The John Lewis Partnership has announced further store closures as the country emerges from lockdown. Eight of its 42 John Lewis shops will not reopen at the end of lockdown, with about 1,465 jobs affected.
The move comes as the department store retailer undergoes a major shift in strategy to better reflect how customers want to shop. The Partnership expects 60% to 70% of John Lewis sales to be made online in the future.
The eight shops set to close comprise four ‘At Home’ stores in Ashford, Basingstoke, Chester and Tunbridge Wells and four department stores in Aberdeen, Peterborough, Sheffield and York.
The announcement comes eight months after the first stage of a sweeping overhaul that saw the closure of eight different stores and around 1,300 jobs put on the line.
John Lewis in Oxford is among the 34 John Lewis stores that would start reopening from 12 April, subject to government guidance. John Lewis in Glasgow will reopen from 26 April, while Edinburgh will reopen on 14 May.
The Partnership also confirmed plans to transfer the operations of its Waitrose Distribution Centre in Leyland, Lancashire, to XPO Logistics. It said 436 Waitrose staff at the site will be transferred to XPO.
Although the Partnership has enjoyed soaring sales online, earlier in the month, the Partnership announced a £517 million pre-tax loss for the year to January compared to a Profit before tax of £146m the previous year.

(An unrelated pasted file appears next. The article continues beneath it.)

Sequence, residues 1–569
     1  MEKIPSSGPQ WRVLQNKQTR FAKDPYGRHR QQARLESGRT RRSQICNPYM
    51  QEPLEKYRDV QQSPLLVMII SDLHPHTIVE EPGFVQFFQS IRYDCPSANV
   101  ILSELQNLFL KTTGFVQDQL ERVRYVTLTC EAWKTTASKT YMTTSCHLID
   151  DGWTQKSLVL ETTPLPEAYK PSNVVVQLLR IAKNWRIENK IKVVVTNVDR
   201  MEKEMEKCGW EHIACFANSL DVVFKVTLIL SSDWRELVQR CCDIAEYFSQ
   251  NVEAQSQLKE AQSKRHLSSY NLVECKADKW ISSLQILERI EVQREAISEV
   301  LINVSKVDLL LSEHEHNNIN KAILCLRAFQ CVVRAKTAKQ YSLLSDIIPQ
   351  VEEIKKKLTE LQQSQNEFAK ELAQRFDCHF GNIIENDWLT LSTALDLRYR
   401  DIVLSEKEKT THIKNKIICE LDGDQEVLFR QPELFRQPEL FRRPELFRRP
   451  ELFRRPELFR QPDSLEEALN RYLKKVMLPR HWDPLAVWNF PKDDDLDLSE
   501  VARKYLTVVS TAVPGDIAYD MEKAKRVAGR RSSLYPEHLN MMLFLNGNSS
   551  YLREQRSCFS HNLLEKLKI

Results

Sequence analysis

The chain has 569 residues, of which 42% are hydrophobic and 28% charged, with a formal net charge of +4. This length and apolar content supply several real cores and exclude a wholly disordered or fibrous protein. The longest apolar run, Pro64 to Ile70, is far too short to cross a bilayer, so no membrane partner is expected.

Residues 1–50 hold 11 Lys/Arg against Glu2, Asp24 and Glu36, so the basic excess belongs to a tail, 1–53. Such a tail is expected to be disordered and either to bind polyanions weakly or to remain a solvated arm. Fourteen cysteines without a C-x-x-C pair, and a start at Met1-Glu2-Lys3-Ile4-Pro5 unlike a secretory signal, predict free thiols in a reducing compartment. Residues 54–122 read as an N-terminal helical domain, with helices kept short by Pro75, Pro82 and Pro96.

The losses mostly reflect a reduction in the value of the John Lewis shops due to the notable shift to online sales, as well as restructuring and redundancy costs from store closures and changes to head office staff.
John Lewis’ profits have been falling for the past three years, and the Partnership has decided not to pay its partners an annual bonus for the first time in 68 years.
The Partnership is aiming for a £300m a year cost reduction by 2022/23, and it has not ruled out further store closures saying, “…as spending shifts online we want to ensure our stores reflect how customers want to shop – ‘right space, right place’.”
With Boswells and Debenhams both closed, a closure of the John Lewis store in Oxford will leave the city without a department store.